Brett Richards Yeah, you’re exactly right. I think it did kind of start off as like, wow, do we really need this type of deal? You know, it was during the Trump administration again, everything that came out of that administration as most things do in our American politics these days, kind of get looked at through that sort of prism. But one thing that I would like to point out, I think it’s important and it’s a small gesture, but it’s something that is worth noting. In the National Defense Authorization Act of 2023 last year, where for FY 24, included a provision that established the legislative liaison Office of the Space Force. This might not sound like much, but it’s really important to see where it was before. Right. And so, the Space Force legislative lays out perhaps were with the Air Force underneath the Air Force team. And so, it doesn’t take rocket scientists to see why the Space Force will benefit from having its own formal relationship with Congress. And this goes back to our original point of being able to socialize these issues around Congress, right, without this formal relationship. Well, now that we have a formal relationship with Congress and the Space Force, the Space Force is able to tell their story. Right. And they prior, it was the Air Force that was having to tell the Space Force story. And you want to be the guy telling your story, right? You don’t want somebody else telling your story, particularly to the folks who are controlling policy and money, and all the other things that Congress does. So, you know, having this relationship started. It just passed last I think December was when it was signed into law. My understanding let’s focus on Capitol Hill. The legislative offices are actively being set up right now. And so, there’s a, there’s a real effort to get this formal understanding really moving so that that’s it. That’s a positive step in my opinion. Again, one that, it goes under the radar, right? Like legislative office, but it really is important for folks who are making the policy to be able to hear directly from Space Force themselves.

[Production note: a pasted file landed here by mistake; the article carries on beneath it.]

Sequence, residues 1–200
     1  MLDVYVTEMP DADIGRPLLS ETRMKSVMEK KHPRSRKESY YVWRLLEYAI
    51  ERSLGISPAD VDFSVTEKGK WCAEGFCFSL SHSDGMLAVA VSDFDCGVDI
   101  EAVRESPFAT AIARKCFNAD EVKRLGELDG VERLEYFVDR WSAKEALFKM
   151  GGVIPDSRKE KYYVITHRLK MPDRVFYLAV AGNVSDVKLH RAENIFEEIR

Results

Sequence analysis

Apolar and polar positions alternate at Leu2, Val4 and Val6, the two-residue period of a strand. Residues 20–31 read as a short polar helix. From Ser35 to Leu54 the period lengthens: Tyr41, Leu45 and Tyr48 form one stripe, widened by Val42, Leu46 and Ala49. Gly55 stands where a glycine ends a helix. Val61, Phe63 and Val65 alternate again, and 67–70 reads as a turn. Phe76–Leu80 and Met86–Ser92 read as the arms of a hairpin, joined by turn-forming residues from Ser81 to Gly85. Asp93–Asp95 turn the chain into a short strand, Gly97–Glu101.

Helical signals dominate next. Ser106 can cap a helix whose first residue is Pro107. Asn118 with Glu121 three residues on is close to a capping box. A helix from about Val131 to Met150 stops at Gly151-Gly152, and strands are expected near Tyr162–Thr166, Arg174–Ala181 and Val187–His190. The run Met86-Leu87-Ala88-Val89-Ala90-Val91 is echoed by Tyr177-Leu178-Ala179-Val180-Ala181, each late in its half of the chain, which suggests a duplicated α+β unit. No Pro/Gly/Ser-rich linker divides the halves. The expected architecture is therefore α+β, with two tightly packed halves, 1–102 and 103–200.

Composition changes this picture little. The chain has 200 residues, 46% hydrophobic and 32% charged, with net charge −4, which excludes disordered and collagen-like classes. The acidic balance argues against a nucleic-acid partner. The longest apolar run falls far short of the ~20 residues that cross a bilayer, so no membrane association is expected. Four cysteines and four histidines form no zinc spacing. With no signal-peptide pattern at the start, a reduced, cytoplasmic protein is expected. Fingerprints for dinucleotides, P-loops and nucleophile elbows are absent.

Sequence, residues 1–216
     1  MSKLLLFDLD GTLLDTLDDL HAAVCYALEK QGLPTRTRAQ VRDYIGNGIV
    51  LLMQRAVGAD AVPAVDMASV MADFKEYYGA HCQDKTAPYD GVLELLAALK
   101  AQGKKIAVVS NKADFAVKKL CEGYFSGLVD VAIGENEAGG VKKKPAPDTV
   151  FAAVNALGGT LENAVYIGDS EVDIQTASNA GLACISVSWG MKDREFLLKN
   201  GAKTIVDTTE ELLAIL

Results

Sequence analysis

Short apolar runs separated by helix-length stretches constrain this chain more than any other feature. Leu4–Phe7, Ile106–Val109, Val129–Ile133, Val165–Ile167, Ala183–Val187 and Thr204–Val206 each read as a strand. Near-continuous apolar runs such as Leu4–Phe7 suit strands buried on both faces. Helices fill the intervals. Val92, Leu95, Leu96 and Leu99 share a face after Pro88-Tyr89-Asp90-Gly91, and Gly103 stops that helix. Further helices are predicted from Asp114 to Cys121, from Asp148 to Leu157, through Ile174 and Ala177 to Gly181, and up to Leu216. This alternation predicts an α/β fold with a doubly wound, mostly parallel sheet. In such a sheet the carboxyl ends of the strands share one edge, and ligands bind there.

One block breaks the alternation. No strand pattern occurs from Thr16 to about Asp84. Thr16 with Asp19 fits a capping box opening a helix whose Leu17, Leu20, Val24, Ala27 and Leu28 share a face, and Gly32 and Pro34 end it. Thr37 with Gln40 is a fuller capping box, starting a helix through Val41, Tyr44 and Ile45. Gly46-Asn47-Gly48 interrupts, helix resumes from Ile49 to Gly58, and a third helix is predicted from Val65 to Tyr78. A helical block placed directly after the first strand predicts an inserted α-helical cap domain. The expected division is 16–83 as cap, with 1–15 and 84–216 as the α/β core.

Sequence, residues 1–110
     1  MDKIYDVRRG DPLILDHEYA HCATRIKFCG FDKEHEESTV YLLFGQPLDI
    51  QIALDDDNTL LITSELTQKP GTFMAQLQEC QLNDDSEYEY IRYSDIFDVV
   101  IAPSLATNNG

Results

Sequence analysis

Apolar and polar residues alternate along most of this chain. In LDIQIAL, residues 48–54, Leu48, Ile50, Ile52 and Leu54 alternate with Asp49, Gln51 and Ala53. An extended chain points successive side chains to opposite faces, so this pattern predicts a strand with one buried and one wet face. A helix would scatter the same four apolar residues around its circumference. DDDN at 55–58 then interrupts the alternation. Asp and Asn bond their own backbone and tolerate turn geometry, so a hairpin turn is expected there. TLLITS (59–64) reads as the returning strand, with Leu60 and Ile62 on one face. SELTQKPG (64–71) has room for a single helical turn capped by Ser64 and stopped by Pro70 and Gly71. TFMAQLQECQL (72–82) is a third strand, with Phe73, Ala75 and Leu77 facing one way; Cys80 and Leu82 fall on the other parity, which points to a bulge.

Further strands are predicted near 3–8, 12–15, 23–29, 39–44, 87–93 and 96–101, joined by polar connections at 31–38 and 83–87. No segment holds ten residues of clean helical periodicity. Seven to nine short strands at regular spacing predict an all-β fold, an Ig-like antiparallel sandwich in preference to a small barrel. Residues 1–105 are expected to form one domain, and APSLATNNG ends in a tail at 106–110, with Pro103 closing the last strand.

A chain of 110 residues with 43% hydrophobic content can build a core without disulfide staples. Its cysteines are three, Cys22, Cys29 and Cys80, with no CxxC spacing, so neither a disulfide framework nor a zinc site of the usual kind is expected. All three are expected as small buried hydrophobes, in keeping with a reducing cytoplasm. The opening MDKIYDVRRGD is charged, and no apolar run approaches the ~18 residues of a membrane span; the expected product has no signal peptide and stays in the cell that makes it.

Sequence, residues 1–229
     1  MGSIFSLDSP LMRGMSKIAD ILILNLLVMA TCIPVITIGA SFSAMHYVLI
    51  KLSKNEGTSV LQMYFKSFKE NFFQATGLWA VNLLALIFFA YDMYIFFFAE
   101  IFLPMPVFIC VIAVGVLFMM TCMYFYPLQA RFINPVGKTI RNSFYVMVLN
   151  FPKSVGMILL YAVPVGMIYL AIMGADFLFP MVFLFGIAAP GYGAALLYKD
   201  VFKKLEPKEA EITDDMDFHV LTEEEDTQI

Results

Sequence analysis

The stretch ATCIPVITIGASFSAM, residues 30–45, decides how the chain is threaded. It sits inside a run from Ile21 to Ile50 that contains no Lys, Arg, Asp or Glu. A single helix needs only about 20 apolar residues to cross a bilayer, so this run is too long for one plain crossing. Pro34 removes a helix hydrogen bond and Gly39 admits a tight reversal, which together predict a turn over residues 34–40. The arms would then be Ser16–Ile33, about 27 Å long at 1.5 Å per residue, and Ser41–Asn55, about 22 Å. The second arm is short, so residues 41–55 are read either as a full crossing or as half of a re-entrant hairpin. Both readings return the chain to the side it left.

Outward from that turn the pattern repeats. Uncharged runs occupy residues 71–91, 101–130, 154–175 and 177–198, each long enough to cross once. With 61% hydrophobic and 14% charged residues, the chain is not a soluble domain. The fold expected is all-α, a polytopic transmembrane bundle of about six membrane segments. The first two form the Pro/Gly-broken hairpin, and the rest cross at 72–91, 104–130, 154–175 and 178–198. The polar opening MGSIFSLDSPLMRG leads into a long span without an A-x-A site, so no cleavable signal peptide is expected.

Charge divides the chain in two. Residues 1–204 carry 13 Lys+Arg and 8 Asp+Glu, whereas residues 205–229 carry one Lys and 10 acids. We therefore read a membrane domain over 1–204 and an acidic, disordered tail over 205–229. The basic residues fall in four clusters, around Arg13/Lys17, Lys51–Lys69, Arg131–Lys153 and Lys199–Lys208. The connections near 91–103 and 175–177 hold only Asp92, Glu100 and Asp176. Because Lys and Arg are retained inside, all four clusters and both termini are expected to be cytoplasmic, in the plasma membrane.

Ellis Brazeal I think I’ve got to throw one last thing in. I teach space law as an adjunct, and because I teach space law, we have to look at what’s going to happen on the moon once we get there. And so, both the US and China are headed towards the South Pole, towards the Shackleton crater, where there’s believed to be water ice, which they can, you know, we won’t have to haul water to the moon, if it’s there in the form of ice. We can also use it for industrial and other purposes. Well, whoever gets to the moon first, will get to set kind of international norms or public norms for how they conduct themselves. And one thing I didn’t realize until recently, I was talking to this lawyer at NASA. He’s at the technology office for NASA, and he’s a lawyer. And he said, look Ellis, when you land on the moon, it kicks up all the regolith. I’m sure you know the regolith. And it’s a real problem. It was for the Apollo astronauts. Well, I didn’t realize that once it gets kicked up, the regolith keeps circling the moon at high speed because there’s no atmosphere, you know, until it finally subsides due to gravity. So, people are going to set up safe zones to protect their activities from others. And they’re entitled to. But how big are those going to be? The US, I think, will set up reasonable, safe zones. That’s what’s envisioned under the Artemis Accords. China, on the other hand, is evidenced by, you know, their activities in the South China Sea, Antarctica, some other things. I’m not sure that they’ll act in the same way that we will. So, I think it’s important to get there first to set the international norms.